Theory 1

Course Details

Course Number: musc 1603  Section Number: 101

Fall 2013

Location: Fain Fine Arts Center

Classroom Number: C117-A

Days & Times:

MWF 9 am

Course Attachments


online text
MSU Faculty Member
Gary Lewis   
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Course Objectives


Course Objective:


This class is designed to provide music majors with essential fundamentals in theory.  It is also open to non-music majors who seek an introductory course in music theory as space permits.

Course Expectations

Very focused and detailed learning expectations are clearly outlined in the overview preceding each module (chapter). In general, a working knowledge of pitch notation, scales, intervals, rhythm and meter, melody characteristics and writing, introduction to two-voice counterpoint, triads, inversions, figured bass, four part chords, harmonic analysis, seventh chords, phrases, cadences, connecting chords is required as well as additional information, time permitting.

Required Text:


The text, etheory by Dr. Steven Laitz, is only available online.  Please note that this is required and that assigned exercises in the text from your own download may be required.  It can be purchased at  After logging on, follow these instructions:

            1. Click "Add to cart"

            2. Click "checkout"

            3. Enter coupon code mwsu13s. This will change your registration fee to $67 rather than      the normal price of $87.

            4. Complete billing information with name and address to create your account

            5. Click "Place order"

After checkout, access etheory from "My Account Page."

Keep a copy of all information that you used to set up your account---such as logon passwords. In order to receive credit for any online work, you must turn in a copy of the receipt with your first assignment.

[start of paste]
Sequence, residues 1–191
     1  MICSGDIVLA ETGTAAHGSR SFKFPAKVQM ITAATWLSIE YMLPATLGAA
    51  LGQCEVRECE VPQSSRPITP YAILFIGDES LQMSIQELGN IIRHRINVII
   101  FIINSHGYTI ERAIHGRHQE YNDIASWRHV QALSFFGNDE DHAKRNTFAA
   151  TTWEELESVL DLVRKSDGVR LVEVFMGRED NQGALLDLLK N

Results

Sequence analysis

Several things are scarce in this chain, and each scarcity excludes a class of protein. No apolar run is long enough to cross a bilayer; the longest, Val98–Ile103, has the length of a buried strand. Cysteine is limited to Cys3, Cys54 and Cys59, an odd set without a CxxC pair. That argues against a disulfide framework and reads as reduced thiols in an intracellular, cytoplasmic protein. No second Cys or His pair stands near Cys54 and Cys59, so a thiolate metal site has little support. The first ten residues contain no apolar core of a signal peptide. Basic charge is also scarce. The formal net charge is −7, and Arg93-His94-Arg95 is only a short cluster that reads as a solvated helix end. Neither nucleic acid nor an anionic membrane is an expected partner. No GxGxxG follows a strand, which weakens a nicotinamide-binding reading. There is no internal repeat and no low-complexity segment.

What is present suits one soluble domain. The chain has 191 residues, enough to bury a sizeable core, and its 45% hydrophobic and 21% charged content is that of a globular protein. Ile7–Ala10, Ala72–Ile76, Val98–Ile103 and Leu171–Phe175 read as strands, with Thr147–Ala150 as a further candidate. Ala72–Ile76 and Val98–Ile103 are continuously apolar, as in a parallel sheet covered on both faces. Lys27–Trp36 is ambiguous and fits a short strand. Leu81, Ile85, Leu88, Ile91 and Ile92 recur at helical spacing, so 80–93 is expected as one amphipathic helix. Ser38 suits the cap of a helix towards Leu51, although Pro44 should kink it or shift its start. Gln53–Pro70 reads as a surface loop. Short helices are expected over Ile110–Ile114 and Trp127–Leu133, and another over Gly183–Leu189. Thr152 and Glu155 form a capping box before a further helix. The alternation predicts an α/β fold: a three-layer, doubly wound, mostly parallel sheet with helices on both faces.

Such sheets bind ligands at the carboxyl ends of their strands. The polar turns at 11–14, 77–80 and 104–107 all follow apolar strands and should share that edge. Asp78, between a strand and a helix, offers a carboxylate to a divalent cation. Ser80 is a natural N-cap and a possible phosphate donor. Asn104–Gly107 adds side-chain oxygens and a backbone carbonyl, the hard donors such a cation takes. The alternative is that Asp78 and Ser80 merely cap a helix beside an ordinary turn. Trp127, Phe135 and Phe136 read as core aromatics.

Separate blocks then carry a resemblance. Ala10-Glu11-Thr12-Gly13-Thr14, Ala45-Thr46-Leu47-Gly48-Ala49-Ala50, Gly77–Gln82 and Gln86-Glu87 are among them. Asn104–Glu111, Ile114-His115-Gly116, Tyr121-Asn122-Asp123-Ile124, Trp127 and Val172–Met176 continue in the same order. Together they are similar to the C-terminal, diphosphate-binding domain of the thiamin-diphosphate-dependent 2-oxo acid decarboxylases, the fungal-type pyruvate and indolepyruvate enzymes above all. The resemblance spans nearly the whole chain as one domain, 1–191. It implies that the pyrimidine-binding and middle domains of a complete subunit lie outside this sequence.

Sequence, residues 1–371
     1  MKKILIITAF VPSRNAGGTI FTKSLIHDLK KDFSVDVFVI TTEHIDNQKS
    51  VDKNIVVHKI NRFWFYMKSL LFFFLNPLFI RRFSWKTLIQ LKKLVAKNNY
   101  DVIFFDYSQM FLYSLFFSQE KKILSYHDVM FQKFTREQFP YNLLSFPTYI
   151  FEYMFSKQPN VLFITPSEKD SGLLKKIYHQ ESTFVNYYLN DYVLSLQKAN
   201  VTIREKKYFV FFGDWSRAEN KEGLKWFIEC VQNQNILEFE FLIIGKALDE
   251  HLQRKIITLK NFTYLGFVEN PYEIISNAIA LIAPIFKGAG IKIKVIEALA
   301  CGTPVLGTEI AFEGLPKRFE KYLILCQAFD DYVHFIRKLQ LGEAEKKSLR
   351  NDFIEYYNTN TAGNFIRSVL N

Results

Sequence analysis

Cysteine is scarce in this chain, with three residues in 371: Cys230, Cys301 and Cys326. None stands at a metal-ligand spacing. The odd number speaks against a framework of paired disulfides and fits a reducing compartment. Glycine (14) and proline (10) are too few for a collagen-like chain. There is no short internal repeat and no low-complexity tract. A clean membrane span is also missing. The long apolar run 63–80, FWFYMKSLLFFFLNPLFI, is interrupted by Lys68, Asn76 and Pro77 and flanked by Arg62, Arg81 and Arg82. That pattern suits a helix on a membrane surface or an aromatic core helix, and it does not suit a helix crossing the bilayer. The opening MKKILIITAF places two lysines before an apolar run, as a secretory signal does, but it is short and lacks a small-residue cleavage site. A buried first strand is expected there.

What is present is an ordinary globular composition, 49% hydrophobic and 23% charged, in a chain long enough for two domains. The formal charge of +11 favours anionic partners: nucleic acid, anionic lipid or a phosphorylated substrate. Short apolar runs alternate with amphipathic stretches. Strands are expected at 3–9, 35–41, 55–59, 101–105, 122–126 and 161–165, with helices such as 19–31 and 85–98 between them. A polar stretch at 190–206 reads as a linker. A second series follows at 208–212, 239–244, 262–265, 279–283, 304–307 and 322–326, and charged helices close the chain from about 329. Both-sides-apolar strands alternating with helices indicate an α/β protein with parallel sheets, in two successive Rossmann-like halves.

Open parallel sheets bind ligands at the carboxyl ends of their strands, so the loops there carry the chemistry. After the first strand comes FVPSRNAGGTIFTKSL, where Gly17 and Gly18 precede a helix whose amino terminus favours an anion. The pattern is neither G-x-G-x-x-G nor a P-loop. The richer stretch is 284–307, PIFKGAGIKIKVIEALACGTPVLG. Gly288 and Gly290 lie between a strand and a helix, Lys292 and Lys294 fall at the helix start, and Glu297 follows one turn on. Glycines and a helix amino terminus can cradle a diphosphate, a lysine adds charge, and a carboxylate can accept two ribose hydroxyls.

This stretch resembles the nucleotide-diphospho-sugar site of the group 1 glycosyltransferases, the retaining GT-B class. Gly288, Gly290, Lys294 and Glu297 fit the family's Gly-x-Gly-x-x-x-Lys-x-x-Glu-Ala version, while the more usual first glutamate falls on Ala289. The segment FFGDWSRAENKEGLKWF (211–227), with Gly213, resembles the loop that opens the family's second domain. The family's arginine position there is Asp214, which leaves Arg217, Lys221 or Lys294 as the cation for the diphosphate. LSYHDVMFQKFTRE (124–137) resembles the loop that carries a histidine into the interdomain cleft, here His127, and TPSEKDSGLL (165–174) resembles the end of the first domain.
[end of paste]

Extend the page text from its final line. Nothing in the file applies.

Class Preparation:


It is the university's policy that every hour spent in class should necessitate three hours of work spent outside of class.  Theory I is a three hour course, thus weekly expectations are nine hours of work outside of class per week.  Five or less hours per week may make it very difficult for you to earn anything above a C (or less) in the class.



Grading Standards



Approximately 9-10 exams will be given over the course of the semester in addition to a final.  The material for each exam will be taken from the online text, class assignments and lectures.  While there may be a few literal duplications of exam questions from etheory used on a class exam, it is to be understood that these duplications are not my work but the work of the author, Dr. Laitz.  Most exams will be announced however there may be pop quizzes given at any time.   


The final exam will be on Monday, December 9 from 8- 10:00 am.




Grading will be based on exams, homework, and class participation .  The weighted distribution for each will be:

            Module (Unit) exams                           60% of your final grade

            Final exam                                           20% of your final grade

            Homework completed when due          15% of your final grade

            Class participation                               05% of your final grade

Final Exam12/9/2013  8 am

Submission Format Policy

All exercises and exams must be turned in during face-to-face class

Note: You may not submit a paper for a grade in this class that already has been (or will be) submitted for a grade in another course, unless you obtain the explicit written permission of me and the other instructor involved in advance.

Late Paper Policy